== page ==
Summer is a difficult time for serious investments — it’s hard to be rational when hot — so why not try betting on the football world cup instead? Thanks to technology, sports gambling can feel a lot like investing these days. Internet betting exchanges are not bookmakers, but trading platforms. Any adult can buy or sell a bet — or position, if you prefer — and ‘trade out’ at a profit or loss before the match, race, or tournament even begins. Which means you are gambling less against sporting chance, more against the human whims of the market.
Let me give you an example. If you had taken the advice of, ahem, this column in November and backed France at 47/1 to win the World Cup in Brazil on 13 July, you could now lay off (bet against the French) at 26/1. If you laid on and off for the same amount, say £100, and France failed to win you would have covered your losses. In the unlikely event that Les Bleus do lift the World Cup trophy on 13 July, you stand to win £2,100 (having lost £2,600 at 26/1 but won £4, 700 at 47/1).
It’s still gambling and still dangerous. Had the French lost their playoff qualifier against Ukraine after I wrote that column, and they very nearly did, they would not be going to Brazil. But the point then was that the odds on the French seemed long, and the point now is that the average punter can find good wagers online and adjust his position to reduce or even cut out his risk if and when the market moves in his favour. He can be on both sides of the bet, as they say on Wall Street.
The easy part is recognising that in football, as in everything else, the wisdom of the day is almost always wrong — so if you hear the same view spouted by pundits on TV and repeated by bores elsewhere, go online and position yourself against it. The hard part is having the self-discipline to cash out while you are ahead.
Consider Belgium. The Belgian team was until recently something of a footballing non-entity. Now all sorts of experts are talking about their ingenious youth system and tipping them as the ones to watch in Brazil. As a consequence, according to Ladbrokes, they are the fifth most likely team to win the whole tournament, at odds of 16/1.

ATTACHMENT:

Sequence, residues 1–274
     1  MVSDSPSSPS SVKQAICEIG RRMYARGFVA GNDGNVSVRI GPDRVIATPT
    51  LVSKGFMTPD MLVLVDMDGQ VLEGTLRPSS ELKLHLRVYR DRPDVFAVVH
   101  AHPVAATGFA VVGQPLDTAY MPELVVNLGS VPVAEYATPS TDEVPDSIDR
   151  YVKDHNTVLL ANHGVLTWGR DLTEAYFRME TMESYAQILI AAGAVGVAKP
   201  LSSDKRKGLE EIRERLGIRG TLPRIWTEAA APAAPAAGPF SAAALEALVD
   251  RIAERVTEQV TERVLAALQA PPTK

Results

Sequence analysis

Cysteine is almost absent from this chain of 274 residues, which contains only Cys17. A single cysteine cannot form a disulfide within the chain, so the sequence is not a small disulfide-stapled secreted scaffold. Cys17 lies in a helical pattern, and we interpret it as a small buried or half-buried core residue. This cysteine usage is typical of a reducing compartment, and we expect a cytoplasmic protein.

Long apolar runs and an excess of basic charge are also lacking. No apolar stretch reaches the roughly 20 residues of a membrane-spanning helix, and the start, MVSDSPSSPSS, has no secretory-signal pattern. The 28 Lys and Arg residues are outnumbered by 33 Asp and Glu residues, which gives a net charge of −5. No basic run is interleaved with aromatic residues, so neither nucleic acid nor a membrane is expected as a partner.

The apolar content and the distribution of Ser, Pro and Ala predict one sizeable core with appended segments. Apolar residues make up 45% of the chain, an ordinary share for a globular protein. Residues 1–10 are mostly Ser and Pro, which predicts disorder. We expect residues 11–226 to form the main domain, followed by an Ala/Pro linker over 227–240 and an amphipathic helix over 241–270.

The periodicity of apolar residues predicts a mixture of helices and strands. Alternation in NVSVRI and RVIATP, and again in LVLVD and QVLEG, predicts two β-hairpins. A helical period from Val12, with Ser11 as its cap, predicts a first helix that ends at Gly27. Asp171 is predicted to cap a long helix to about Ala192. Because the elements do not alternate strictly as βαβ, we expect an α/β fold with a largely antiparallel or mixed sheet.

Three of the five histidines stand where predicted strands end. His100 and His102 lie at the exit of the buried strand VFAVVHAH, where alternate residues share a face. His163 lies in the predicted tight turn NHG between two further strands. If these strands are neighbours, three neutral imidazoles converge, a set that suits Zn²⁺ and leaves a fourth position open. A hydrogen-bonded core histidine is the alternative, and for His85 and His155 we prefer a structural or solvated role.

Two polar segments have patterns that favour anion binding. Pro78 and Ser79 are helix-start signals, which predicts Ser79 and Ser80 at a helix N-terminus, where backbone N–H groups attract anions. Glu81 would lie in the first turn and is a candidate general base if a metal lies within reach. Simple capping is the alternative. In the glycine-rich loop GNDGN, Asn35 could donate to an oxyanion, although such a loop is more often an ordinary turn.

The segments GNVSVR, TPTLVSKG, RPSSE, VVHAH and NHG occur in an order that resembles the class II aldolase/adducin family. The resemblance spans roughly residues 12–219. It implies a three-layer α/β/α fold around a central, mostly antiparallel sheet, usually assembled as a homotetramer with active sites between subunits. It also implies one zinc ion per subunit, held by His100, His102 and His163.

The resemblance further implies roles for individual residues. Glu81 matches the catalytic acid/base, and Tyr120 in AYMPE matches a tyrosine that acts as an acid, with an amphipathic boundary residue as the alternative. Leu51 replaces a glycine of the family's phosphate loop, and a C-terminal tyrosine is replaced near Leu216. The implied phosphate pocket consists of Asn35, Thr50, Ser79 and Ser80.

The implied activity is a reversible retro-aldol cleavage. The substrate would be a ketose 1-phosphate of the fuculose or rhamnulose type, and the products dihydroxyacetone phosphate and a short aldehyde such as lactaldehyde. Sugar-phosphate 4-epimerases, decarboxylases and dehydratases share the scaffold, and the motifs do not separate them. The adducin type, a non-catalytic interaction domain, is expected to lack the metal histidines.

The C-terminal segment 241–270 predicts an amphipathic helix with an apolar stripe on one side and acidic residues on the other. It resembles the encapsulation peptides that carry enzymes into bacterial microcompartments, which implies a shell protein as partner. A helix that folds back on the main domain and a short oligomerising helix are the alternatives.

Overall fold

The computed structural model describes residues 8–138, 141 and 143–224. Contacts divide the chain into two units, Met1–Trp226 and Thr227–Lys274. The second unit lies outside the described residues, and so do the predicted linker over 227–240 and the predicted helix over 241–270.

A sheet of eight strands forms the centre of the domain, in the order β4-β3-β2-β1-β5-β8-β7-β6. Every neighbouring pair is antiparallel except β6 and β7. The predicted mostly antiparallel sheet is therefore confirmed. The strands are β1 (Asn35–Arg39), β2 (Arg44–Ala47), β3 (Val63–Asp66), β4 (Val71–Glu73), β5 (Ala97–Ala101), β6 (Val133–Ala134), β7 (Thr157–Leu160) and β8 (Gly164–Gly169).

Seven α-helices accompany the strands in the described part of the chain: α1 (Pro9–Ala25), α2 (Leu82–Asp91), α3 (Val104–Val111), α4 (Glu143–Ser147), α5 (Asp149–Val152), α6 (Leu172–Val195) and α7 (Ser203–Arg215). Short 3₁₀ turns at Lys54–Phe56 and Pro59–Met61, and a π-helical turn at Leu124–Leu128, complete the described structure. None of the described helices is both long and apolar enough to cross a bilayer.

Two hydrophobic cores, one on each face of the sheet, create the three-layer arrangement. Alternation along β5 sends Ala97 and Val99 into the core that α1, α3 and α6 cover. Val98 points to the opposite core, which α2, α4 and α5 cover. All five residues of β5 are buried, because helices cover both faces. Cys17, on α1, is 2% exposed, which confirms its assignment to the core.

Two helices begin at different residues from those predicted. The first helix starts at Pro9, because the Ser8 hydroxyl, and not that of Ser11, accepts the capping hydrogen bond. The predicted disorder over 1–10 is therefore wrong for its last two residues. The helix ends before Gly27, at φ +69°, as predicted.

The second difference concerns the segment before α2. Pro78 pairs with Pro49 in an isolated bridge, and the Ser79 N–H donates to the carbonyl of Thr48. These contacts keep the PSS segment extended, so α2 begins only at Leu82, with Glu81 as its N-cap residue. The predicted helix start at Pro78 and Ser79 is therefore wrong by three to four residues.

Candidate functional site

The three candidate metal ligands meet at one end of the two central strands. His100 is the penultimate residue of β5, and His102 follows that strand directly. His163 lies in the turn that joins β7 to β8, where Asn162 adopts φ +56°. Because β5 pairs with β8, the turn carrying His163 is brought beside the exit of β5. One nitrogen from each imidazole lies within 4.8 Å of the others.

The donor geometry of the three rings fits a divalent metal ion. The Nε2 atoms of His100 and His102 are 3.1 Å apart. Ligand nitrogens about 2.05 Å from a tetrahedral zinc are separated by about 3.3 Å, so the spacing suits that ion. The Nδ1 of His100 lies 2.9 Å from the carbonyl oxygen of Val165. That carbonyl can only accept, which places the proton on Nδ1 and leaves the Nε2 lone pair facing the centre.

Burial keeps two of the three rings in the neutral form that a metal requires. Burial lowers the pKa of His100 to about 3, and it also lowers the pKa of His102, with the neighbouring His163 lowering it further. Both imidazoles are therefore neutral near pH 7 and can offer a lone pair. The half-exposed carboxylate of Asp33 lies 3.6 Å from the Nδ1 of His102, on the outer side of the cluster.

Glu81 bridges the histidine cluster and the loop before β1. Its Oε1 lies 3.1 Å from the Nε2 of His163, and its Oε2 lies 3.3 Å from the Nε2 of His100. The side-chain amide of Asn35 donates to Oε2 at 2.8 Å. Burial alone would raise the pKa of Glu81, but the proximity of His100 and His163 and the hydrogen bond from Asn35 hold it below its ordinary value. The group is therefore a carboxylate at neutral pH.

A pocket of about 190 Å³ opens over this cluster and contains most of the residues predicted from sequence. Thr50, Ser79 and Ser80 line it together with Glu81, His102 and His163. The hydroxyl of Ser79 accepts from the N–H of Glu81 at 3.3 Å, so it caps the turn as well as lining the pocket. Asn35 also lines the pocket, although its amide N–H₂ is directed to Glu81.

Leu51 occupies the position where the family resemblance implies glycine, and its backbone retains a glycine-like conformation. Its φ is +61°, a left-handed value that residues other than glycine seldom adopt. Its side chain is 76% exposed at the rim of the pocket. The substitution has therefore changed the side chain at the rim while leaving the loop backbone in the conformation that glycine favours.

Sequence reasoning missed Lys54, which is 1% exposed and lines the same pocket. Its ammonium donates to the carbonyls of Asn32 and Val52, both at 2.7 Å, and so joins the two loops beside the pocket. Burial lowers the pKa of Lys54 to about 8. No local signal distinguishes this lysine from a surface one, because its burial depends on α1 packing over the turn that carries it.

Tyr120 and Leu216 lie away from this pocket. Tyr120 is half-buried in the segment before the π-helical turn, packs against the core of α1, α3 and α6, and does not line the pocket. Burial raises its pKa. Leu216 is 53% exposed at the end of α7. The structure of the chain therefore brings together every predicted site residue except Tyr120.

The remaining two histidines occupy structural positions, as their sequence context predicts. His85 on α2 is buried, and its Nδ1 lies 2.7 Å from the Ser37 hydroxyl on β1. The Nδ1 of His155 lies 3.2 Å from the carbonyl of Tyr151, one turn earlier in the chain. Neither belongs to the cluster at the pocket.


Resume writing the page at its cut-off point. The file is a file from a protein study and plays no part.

It’s true that Belgium has talented players and, given their relatively easy opening matches, they could win the tournament. But do they really have more of a chance than four-time champions Italy (22/1), or the perennially brilliant Dutch (28/1)? Holland reached the final last time, breezed the qualifiers this time, and are coached by the outrageously successful Louis van Gaal, aka Manchester United’s new boss. They do face Spain, who beat them in the final in 2010, in their first match but even if they lose against them — and I don’t think they will — you’d fancy them to progress. A sensible tip might be to bet against the overrated Belgians and back the Dutch, but lay them off after they go through the group stages. Or just hang on, if you want to have fun.
Another good policy, traditionally, is to bet against the English. Our country usually works itself into a state of hysterical optimism ahead of each international football tournament, then sinks into self-loathing when our boys fail. In the Panglossian phase, the odds on an England World Cup win tend to drift in too short. This year, however, an unusual sense of realism seems to have gripped us — and almost nobody seems to think England are good value at 33/1.
It would be typically English if, having for once written ourselves off, we went on to win the World Cup. We would then be so unbearably obnoxious about it that the Scots, in a fit of pique, would vote for independence. Put a small patriotic wager on England, then — and, if it comes in, a bigger cynical one on Scotland electing to leave the Union in September.